5. Reporting Requirements (cont’d) • Name of recipient HCP, contact information, specialty • HCP’s National Provider Identifier • State License Number of HCP • Date of the payment or transfer of the item of value • Dollar value • Product associated with the interaction • Description of the type and nature of the payment or item of value • Destination (for travel expenses) INCLUDED • Payments made or transfers of value provided to physician assistants, nurses, lab technicians or hospital administrative staff • Anatomical models or wall models used to educate patients on a particular procedure or product • Coffee, snacks or other refreshments provided at booths or during large events at third-party conferences • Short-term loan of devices/capital equipment • Important Note: Even if the Sunshine Act excludes these types of payments from its reporting requirements, manufacturers may still be required to disclose this information for other purposes EXCLUDED • Per CMS, physicians cannot repay a manufacturer for a payment/transfer of value and have the payment removed from a manufacturer's report.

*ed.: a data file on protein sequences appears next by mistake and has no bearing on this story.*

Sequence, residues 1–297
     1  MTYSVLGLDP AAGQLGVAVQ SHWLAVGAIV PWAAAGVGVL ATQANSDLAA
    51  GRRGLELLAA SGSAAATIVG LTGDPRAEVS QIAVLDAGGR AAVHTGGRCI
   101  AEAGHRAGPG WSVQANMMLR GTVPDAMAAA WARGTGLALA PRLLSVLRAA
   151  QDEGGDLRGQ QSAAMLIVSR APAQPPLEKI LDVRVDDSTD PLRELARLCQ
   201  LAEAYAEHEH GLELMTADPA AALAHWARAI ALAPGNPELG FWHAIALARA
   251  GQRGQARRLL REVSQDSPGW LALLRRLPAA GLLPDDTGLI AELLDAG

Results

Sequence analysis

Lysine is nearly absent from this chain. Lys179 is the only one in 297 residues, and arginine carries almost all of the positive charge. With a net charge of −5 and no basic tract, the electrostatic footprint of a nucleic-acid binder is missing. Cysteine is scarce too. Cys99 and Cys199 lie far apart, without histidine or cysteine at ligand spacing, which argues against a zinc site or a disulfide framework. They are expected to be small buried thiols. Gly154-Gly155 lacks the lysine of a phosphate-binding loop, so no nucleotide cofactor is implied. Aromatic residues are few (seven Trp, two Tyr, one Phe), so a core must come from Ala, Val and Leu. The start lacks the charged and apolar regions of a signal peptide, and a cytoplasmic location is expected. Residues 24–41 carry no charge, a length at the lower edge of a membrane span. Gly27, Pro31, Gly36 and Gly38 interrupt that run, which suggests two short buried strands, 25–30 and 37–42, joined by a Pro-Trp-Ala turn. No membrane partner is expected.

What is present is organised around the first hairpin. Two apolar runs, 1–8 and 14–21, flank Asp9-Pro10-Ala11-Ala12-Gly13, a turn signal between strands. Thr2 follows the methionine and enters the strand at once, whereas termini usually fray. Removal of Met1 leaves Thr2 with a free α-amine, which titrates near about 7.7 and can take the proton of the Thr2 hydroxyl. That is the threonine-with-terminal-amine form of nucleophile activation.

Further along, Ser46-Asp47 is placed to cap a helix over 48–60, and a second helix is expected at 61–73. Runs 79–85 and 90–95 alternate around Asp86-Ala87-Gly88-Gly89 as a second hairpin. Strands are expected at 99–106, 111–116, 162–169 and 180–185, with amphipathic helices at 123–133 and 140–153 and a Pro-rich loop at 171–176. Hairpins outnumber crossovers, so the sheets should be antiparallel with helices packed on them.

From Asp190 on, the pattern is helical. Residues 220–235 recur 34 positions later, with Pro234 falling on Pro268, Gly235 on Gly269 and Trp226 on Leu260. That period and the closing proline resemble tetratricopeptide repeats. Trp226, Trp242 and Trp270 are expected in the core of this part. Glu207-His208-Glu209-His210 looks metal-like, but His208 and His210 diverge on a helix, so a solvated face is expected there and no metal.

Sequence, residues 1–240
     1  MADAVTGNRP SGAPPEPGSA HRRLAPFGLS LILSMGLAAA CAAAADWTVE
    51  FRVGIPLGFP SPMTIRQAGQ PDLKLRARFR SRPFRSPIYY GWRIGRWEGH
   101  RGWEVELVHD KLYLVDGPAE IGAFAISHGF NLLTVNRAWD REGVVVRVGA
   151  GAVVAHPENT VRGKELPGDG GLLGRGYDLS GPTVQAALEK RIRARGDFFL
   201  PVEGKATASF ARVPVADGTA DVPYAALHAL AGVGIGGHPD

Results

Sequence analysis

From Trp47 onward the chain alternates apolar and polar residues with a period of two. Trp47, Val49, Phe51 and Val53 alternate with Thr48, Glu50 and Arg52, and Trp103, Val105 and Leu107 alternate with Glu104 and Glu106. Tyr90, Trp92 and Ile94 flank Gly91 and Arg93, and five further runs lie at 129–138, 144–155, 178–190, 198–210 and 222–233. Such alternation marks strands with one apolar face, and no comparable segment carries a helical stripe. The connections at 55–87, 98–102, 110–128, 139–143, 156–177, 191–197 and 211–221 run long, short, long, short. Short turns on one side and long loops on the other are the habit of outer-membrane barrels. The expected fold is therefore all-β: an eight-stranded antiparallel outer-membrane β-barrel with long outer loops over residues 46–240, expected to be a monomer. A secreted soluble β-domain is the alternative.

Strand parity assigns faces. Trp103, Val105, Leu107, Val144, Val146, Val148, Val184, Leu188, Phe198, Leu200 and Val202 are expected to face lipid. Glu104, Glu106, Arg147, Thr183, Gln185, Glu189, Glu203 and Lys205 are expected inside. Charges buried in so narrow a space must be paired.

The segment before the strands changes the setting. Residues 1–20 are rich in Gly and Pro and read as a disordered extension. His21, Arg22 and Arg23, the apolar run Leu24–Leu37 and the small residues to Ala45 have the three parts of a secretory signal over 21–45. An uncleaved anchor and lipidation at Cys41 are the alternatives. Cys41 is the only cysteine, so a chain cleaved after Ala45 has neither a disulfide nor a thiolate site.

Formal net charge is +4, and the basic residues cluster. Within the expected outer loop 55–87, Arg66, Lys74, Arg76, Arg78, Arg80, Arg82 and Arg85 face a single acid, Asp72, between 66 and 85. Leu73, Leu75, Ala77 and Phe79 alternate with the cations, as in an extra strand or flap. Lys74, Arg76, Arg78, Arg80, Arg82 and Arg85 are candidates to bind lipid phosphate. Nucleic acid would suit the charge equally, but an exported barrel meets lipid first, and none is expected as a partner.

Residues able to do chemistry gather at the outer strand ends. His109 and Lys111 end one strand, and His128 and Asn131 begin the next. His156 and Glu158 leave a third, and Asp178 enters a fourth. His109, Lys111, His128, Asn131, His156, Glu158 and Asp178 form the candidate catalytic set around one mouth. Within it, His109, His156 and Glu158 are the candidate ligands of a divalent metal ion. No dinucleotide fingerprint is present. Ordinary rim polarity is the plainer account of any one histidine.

6. Dates and Requirements 2013 2014 2015 JUNE AUG MAR JULY AUG SEP SEP 30 • Aug. 1, 2013: Pharmaceutical, biologics and medical device companies were required to: • Track payments and items of value provided to U.S. physicians and teaching hospitals • Be prepared to publically disclose any meal, educational item, consulting payment or other financial interaction between the industry and a physician or teaching hospital March 31, 2014:Pharmaceutical, biologics and medical device companies provided the Centers for Medicare and Medicaid Services (CMS) with aggregate data regarding interactions with U.S. physicians and teaching hospitals between August 1and December 31, 2013 June 2014: Pharmaceutical, biologics and medical device companies provided CMS with a detailed report regarding interactions with U.S. physicians and teaching hospitals between August 1and December 31, 2013 • July 14 – Sept. 25, 2014:Review, Dispute & Correction • U.S. physicians and teaching hospitals have 45 days to review the data that companies report to CMS under their names and to register inquiries about their data with CMS • Physicians, teaching hospitals and companies have 15 days to research and address reported data inquiries Sept. 30, 2014:The statute requires CMS to post data on a public, searchable government-maintained website and continue to post the data annually. CMS must also submit reports to states that include a summary of payments made to covered recipients in each state • March 31, 2015: • Manufacturers submit 2014 data to CMS • April – May 2015: • Review, dispute and correction period for 2014 data • June 30, 2015: • 2014 data will be posted on public website • CMS submits report to states • **ONGOING** • Physicians/teaching hospitals can report inquiries to CMS throughout the year • Only inquires that are reported during the initial 45-day review period and addressed during the 15-day follow-up period will be included in the initial public website posting on September 30, 2014